In many instances, the vaginal changes that occur during perimenopause may be subtle enough to cause little or no symptoms. But in some instances, they may make you feel less like yourself and interrupt your daily quality of life. Luckily, there are things you can do to make your vagina, and yourself, feel more comfortable during perimenopause and beyond.

Addressing Vaginal Dryness and Associated Symptoms

Chief among them is vaginal dryness relief. Hormone-free lubricants and vaginal moisturizers are available over-the-counter and are designed to restore vaginal moisture, keeping your vagina and vulva more comfortable, and less itchy or irritated.

There are also some dietary supplements on the market that you can take orally that support sexual arousal and vaginal health. It’s important to check in with your healthcare provider before starting anything new, as they know your medical history best, and can best advise on ways to effectively manage your symptoms.

Consider Evolving Your Lifestyle to Support Your Vaginal Health in Perimenopause

Taking care of yourself wholistically is also very important. Adopting healthy habits like exercising, meditating, or doing yoga can help support your ability to feel more mentally and physically balanced. Eating healthy foods, such as whole grains, a variety of fruits and vegetables and protein rich foods, can also help you take charge of your body and health from the inside. 

You can help support your vaginal microbiome by investing in a quality probiotic (with “good” bacteria).12 Probiotics geared toward vaginal health typically work to improve the vaginal flora, by increasing beneficial bacteria, reducing the number of harmful bacteria, and helping to maintain the stability of vaginal flora environment.13 Probiotics are available as non-prescription, over-the-counter supplements you take orally. They can also be found in certain fermented foods, like yogurt, miso, and sauerkraut.14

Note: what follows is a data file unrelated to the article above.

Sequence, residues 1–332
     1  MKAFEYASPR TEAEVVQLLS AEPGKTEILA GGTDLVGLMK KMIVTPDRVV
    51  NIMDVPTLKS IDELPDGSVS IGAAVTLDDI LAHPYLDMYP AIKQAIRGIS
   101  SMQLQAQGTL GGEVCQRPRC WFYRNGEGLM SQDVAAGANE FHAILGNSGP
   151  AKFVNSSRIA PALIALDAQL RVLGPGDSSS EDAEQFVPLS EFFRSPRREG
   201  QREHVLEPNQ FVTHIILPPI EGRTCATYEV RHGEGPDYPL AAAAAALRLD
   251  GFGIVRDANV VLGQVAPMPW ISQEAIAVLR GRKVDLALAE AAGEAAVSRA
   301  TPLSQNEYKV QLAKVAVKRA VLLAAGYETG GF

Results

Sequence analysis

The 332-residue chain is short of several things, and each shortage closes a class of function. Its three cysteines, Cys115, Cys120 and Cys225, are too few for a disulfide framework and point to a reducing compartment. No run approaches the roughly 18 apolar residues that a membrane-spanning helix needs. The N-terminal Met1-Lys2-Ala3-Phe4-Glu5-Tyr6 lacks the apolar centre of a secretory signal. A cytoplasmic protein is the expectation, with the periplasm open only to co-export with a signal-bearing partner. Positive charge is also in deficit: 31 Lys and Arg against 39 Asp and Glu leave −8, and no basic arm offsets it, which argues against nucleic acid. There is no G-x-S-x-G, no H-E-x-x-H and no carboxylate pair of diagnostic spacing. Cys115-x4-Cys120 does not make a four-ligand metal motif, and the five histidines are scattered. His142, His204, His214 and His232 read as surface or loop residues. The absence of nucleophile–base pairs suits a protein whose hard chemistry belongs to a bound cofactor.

Increasing your intake of prebiotics may also help to support your vaginal health in perimenopause.15 Prebiotics are a type of “food” for probiotics and help in promoting the growth of beneficial microorganisms. When probiotics break down these prebiotic substances, they derive energy from them, which enables them to flourish.16  Prebiotics are found in foods like almonds, bananas, flaxseed, and soy.17  

And, of course, try to get enough sleep. Hormonal changes can affect your ability to fall asleep and stay asleep during perimenopause, by causing symptoms like restless leg syndrome, insomnia and night sweats.18 Poor sleep quality may not directly cause vaginal symptoms, but it can make you irritable and less able to cope with any other symptoms you may be experiencing.

Poor sleep quality and quantity may also decrease your sexual drive. This could affect vaginal health as sexual activity can actually help to support your vagina in experiencing the physical manifestations of arousal (i.e. lubrication). It can also help you maintain pelvic floor strength, and bladder control.19 All the more reason to focus on improving your sleep quality during perimenopause.

When To Talk with Your Healthcare Provider

A healthcare provider, such as a gynecologist, can talk you through the natural changes that are occurring in your body throughout this transitional period. They can also recommend management options for symptoms that are severe, or that don’t respond to at-home solutions.

Talk to your healthcare provider if you’re having ongoing issues with UTIs or vaginal infections. In these instances, you may benefit from treatment options like antibiotics or vaginal estrogen therapy.20 Also let them know if penetrative, vaginal sex is too painful to enjoy as they can help to provide some recommendations to ease your symptoms.

Bleeding or spotting during or after sex, as well as bleeding that is not associated with menstruation, should always be brought to your healthcare provider’s attention.

Perimenopause may be a natural part of life, but if its symptoms are causing you distress, especially any vaginal symptoms, don’t hesitate to seek help. There are effective management options out there, so there’s no need to just “tough it out.”